By Kandace Wright
**Originally published in the Fall 2007 Special Needs issue of The Journal of API
Jackie informed me yesterday that when she has her own children she will never tell them “no.” Never. I smiled and wished her luck with that. Then, today after school, she informed me that she thinks she might sometimes need to tell them “no.” Sometimes.
Jackie is a healthy, mostly happy 11-year-old child with special needs. What makes her unique is that she has pervasive developmental disorder. She has some autistic features mixed with a possible mood disorder, though some days I wonder if her mood swings are more related to her approaching coming-of-age. I do not believe there can be anything more emotional that impending menstrual cycles for a young pre-teen. Sigh. When did I become the mother of a pre-teen?
The diagnostic category of pervasive developmental disorders (PDD) refers to a group of disorders characterized by delays in the development of socialization and communication skills. Parents may note symptoms as early as infancy, although the typical age of onset is before three years of age. Symptoms may include problems with using and understanding language; difficulty relating to people, objects, and events; unusual play with toys and other objects; difficulty with changes in routine or familiar surroundings; and repetitive body movements or behavior patterns.
Autism is the most characteristic and best-studied form of PDD. Other types of PDD include Asperger’s syndrome (a high-functioning form of autism in children who generally have high IQs), Childhood disintegrative disorder (in which a child may develop fairly normally until 18 to 36 months and then begin to regress, especially in speech and social interaction), and Rett’s syndrome (a neurodevelopmental disorder found almost exclusively in females and characterized by normal early development followed by loss of purposeful use of the hands, distinctive hand movements, slowed brain and head growth, gut-associated lymphoid tissue abnormalities, seizures, and mental retardation).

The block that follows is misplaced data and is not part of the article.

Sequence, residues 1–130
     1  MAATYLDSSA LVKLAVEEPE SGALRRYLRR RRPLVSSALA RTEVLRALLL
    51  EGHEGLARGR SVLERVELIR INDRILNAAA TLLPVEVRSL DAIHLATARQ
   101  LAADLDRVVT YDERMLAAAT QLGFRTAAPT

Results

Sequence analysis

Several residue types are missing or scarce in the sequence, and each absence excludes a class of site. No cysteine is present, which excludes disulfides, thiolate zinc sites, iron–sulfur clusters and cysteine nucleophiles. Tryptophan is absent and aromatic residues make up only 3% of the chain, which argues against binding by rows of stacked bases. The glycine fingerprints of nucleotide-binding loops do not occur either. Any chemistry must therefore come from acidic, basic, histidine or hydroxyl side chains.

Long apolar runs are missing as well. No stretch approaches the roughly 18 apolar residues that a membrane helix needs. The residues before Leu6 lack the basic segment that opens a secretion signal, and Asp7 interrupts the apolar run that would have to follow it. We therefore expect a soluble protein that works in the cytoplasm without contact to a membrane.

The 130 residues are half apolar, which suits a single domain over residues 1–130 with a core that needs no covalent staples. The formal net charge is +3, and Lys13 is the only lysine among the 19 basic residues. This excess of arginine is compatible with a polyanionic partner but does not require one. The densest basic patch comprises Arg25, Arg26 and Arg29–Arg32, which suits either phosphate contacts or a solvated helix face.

Children with PDD vary widely in abilities, intelligence, and behaviors. Some children don’t speak at all, others speak in limited phrases or conversations, and some have relatively normal language development. Repetitive play skills and limited social skills are generally evident. Unusual responses to sensory information, such as loud noises and lights, are also common.
Practicing Attachment Parenting has enabled us to be more responsive and more intuitive to Jackie’s needs. My husband and I can often sense what she needs from us and her environment, which is key to our preventing meltdowns and struggles.
We also feel strongly that we help her by having a support system for us. We rely on a support team including family, friends, and people from the school system who work with Jackie. Sometimes we need respite care, an extra set of hands, or a parents’ night out. Our sitters are well trained to work with children like Jackie, and all of our kids look forward to the special playtime. We enjoy coming home relaxed and rejuvenated, and know we are in a better place to cope with any challenges that might arise.
Different is OK
One of the hardest challenges with raising a special needs child is trying to keep people, including us as her parents, from attempting to force her into being a “typical” child. Jackie is different. She will always be different, and I celebrate that difference.
That said, it’s not all roses. There are some thorns. We have struggled with defining what Jackie needs in her school environment. We have also struggled with therapists and psychiatrists who have tried a one-size-fits-all approach to Jackie’s challenges, including the use of medications.
A Trial of Medication
We resisted using any medications for a long time, despite the pressures. When we had our fourth child, things really bottomed out for her. She was in such emotional pain. We decided it was unfair to not at least investigate and try medications. We started out with high hopes, but soon realized that our daughter had become a proverbial guinea pig.
We tried half a dozen medications over the course of 18 months. I know some children receive relief from medication, but Jackie never did. In fact, they had a negative effect on her system and she seemed even worse. It was heartbreaking. We ended the experiment and weaned her off all medication.
Jackie hit a new low while weaning from the medications. Then, after a month, she seemed herself again. She became more in control of her emotions and behaviors, and her humor returned (something I hadn’t quite realized how much I’d missed). She seemed settled. I cannot quite explain it, but she just seemed more like the daughter that we knew and loved – quirks and all.
Two Steps Forward, One Step Back
It’s been about six months, and Jackie continues to improve. She takes two steps forward, then one back (sometimes three back), and then she makes progress again. She was recently able to transition from the special needs school bus to the regular school bus, which was an important milestone for her.
No matter how hard we attempt to prepare her to be confident with her special needs, as she gets older there will always be the pull to be more like a “typical” children. She will always want to be “normal.” We embrace Jackie as she is. We have taught all of our children that we are each unique, and we encourage them to be accepting of others, even those who face challenges that make them difficult to deal with.